Development of Vaccines Containing Iron-regulated Protein

Bacterial pathogens – Creative BiolabsThe need for iron by bacterial pathogens ensures that iron is expressed and captured on the surface during infection. These surface-expressed iron receptors are ideal vaccine antigens for the prevention of bacterial infections. Creative Biolabs is a leading company in bacterial vaccine industry. Based on years of experience and a team of professional scientists, we have successfully established a top unique platform and provide specialized identification and purification of iron-regulated proteins directly from host cells or recombinants for vaccine development. We can accommodate the specific attributes of your project and provide flexible and integrated solutions.

Bacterial Pathogens and Iron

Iron is the nutrient required for the survival of bacteria. Bacterial pathogens must acquire iron in their host to replicate and cause disease. Most pathogens circumvent iron detainment by high-affinity iron absorption mechanisms that compete with host-mediated sequestration. These uptake systems can be divided into three broad categories: siderophore-based systems, heme acquisition systems, and transferrin/lactoferrin receptors. In addition to these mechanisms, certain bacteria are able to directly recognize host proteins.

  • Siderophore-based systems. The siderophores are low molecular weight iron-binding complexes secreted by bacteria that bind iron with an association constant of more than 10⁵⁰, allowing the bacteria to compete with iron chelation by transferrin and lactoferrin. After the iron is removed from the host protein, the iron-loaded siderophores bind to a homologous receptor expressed on the surface of the bacteria. The iron carrier-iron complex is then internalized into the bacteria and iron is released as a source of nutrients.
  • Heme acquisition systems. The bacteria recognize heme or a surface receptor of heme that binds to hemoglobin such as hemoglobin or hemoglobin, then heme is removed from the blood protein and transported to the cytoplasm through the envelope of the bacteria. Once inside the cytoplasm, iron is released from heme by the activity of heme oxygenase or antiferrochelatase. Bacterial pathogens can also be carefully designed to secrete heme-securing molecules that remove heme from the host's heme. These molecules, called hemophores, are functionally similar to siderophores, but target heme proteins, while siderophores target iron atoms.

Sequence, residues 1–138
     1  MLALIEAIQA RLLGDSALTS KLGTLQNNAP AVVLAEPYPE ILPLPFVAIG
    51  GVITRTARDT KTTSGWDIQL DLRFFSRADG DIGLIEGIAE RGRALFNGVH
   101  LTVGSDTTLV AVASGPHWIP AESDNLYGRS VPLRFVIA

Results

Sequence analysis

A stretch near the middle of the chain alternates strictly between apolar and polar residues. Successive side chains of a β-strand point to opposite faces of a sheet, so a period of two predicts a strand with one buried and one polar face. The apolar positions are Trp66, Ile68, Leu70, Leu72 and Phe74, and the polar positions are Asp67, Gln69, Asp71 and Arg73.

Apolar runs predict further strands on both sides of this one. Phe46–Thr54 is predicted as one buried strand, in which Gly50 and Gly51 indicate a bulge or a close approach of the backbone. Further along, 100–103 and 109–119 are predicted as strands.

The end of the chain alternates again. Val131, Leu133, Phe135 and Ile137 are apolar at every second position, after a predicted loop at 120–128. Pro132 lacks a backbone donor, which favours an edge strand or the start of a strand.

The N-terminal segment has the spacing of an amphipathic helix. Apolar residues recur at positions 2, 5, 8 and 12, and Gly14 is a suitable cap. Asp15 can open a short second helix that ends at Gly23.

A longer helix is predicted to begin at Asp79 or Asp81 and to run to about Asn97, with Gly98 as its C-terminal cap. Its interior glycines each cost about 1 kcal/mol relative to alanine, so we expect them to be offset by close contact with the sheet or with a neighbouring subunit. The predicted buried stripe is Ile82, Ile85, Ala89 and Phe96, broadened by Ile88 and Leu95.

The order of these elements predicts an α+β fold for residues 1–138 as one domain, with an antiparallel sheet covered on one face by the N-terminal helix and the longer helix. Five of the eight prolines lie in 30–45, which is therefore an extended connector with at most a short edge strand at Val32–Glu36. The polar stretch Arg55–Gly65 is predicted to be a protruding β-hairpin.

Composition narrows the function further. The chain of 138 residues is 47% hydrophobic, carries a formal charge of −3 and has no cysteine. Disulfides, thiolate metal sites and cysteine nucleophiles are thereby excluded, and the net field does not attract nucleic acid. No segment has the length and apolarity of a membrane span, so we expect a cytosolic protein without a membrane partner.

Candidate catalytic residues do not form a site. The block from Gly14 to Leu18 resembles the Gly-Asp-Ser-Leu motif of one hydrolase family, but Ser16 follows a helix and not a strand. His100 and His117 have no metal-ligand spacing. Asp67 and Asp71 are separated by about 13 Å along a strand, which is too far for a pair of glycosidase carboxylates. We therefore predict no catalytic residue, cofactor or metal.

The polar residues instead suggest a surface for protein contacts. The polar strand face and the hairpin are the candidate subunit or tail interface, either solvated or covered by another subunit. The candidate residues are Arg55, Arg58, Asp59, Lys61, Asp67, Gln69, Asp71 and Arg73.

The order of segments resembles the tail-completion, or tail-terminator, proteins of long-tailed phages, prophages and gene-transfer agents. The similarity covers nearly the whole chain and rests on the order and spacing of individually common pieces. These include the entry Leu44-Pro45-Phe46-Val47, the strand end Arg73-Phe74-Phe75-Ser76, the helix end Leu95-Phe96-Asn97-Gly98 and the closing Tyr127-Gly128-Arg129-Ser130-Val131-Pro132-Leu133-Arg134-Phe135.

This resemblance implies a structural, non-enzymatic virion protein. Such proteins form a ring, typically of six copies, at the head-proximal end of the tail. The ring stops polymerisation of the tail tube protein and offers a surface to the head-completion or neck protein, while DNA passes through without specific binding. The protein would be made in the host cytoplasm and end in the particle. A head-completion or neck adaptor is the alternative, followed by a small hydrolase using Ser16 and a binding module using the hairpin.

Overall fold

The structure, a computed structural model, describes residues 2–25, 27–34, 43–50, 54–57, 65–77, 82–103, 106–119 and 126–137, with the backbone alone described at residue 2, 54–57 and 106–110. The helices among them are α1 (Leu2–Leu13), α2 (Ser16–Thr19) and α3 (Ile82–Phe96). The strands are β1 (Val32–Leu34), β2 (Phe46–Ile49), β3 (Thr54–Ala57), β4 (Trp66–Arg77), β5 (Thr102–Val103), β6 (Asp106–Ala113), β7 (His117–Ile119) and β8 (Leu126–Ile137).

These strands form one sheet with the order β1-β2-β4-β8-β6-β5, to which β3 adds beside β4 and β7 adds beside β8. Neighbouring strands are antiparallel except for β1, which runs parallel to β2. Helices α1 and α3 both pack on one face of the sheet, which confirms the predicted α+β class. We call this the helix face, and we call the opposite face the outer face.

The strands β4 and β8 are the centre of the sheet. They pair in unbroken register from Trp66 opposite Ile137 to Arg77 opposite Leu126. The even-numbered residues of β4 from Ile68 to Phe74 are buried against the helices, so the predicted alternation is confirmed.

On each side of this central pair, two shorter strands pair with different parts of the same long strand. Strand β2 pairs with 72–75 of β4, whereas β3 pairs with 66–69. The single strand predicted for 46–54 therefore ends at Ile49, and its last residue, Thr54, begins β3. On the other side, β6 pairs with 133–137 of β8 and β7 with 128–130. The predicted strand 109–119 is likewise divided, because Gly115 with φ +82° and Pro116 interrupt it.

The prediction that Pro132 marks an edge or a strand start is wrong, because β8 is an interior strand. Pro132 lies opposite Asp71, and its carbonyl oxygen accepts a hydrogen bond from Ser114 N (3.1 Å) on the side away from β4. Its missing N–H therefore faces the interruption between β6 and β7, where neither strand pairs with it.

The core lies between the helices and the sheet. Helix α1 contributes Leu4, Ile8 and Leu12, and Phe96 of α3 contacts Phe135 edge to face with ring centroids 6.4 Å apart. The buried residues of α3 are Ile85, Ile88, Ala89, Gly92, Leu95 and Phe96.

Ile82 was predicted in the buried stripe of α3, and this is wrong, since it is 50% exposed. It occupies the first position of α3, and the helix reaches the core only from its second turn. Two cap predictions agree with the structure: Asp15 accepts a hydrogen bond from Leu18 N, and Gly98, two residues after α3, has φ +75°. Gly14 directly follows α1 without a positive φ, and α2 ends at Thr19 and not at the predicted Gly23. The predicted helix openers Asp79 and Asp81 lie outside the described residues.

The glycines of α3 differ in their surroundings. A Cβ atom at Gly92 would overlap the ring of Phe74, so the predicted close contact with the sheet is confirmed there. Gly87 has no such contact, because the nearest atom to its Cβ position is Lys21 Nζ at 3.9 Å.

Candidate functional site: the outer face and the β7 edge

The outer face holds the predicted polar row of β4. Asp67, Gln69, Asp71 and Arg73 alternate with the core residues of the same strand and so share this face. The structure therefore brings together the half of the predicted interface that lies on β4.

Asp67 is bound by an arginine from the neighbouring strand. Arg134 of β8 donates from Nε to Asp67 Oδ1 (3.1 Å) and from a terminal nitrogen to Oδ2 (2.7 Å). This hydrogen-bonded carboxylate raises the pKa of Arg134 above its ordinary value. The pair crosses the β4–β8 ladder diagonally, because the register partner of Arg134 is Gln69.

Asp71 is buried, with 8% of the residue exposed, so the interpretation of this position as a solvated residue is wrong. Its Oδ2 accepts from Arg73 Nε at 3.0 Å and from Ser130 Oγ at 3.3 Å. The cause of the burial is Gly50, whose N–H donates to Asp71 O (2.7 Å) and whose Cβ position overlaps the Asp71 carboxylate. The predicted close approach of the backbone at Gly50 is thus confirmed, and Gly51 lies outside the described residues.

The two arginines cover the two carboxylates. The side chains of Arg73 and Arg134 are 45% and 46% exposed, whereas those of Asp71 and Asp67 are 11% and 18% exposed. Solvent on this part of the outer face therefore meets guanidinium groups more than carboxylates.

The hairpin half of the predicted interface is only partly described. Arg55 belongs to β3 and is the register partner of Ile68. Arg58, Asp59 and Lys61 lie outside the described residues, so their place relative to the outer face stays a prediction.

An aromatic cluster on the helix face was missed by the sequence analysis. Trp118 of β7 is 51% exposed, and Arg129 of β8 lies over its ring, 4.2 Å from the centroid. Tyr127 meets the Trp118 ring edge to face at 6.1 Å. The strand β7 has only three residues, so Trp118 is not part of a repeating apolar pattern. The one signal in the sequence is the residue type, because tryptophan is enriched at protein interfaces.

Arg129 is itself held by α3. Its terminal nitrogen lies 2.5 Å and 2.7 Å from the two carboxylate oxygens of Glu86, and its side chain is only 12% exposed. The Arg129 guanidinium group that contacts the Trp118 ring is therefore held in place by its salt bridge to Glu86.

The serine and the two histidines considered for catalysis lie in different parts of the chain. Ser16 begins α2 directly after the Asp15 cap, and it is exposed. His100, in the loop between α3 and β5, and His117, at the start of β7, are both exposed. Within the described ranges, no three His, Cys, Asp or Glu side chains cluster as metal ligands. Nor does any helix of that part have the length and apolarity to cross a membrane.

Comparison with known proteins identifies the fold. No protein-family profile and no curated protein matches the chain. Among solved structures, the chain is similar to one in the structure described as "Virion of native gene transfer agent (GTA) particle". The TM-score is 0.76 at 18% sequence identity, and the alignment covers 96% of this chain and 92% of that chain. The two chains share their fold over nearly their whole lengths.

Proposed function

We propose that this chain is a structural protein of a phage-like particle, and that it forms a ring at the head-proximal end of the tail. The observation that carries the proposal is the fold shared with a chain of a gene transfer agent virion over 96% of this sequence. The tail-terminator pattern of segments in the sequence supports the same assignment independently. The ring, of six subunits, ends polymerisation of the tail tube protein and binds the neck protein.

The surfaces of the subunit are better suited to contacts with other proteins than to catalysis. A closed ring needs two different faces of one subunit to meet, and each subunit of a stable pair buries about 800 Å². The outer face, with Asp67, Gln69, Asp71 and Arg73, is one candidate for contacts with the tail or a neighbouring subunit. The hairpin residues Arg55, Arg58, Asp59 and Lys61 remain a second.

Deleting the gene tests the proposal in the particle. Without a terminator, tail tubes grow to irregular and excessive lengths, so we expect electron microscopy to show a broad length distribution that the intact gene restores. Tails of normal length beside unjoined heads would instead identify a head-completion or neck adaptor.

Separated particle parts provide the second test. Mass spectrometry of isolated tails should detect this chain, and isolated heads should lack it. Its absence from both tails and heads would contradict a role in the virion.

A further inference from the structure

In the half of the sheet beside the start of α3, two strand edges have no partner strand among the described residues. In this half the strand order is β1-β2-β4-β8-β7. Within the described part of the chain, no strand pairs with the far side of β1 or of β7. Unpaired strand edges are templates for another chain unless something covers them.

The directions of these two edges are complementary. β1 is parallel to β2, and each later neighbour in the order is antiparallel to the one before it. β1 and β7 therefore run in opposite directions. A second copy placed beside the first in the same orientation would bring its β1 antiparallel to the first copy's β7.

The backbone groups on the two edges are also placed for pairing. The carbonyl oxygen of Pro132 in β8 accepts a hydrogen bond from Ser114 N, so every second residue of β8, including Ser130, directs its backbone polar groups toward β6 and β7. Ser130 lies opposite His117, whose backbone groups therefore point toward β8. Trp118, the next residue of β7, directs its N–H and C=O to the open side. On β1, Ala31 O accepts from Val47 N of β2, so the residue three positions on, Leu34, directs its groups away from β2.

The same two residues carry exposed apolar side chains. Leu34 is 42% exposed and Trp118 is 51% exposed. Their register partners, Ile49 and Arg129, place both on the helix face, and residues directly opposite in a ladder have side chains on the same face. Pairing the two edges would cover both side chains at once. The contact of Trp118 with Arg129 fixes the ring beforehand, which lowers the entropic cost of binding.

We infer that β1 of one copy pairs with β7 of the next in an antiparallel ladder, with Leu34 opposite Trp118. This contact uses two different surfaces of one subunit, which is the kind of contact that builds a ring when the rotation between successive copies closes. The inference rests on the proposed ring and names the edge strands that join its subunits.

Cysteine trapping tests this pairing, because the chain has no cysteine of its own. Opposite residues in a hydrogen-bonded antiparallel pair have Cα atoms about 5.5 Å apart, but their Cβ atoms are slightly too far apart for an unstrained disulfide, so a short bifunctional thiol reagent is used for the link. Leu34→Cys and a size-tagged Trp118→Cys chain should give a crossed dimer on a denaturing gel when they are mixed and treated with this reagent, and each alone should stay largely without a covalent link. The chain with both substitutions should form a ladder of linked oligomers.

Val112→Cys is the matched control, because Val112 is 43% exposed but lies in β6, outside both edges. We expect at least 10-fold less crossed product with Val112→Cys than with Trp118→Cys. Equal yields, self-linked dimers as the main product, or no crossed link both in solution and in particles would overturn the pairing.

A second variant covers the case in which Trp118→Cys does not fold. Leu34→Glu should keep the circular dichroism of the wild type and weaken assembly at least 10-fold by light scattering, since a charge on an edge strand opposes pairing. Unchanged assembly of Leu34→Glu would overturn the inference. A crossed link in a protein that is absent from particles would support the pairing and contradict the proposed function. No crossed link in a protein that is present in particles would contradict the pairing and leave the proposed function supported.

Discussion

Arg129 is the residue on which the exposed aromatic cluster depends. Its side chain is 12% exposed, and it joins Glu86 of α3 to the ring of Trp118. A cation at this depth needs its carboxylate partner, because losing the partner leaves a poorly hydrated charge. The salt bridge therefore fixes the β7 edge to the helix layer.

• Transferrin/lactoferrin receptors.
  • Direct recognition of host proteins.

Bacterial pathogens can acquire iron through receptor-mediated recognition of transferrin, lactoferrin, hemopexin, hemoglobin, or hemoglobin–haptoglobin complexes.

Fig.2 Bacterial pathogens can acquire iron through receptor-mediated recognition of transferrin, lactoferrin, hemopexin, hemoglobin, or hemoglobin–haptoglobin complexes. (Skaar EP. 2010)

Strategies of Iron-regulated Protein Vaccines

The need for iron by bacterial pathogens ensures that iron is expressed and captured on the surface during infection. This fact has established surface exposed iron receptors as viable vaccine candidates for the prevention of bacterial infections. Creative Biolabs now provides antigen discovery services targeting proteins that acquire iron. Our unique platform allows rapid identification and purification of iron-regulated proteins directly from host cells or recombinants for vaccine development.

If you are interested in our services, please contact us to get more information or directly send us an online inquiry.

Reference

  1. Skaar EP. The battle for iron between bacterial pathogens and their vertebrate hosts. PLoS Pathog. 2010, 6(8):e1000949.

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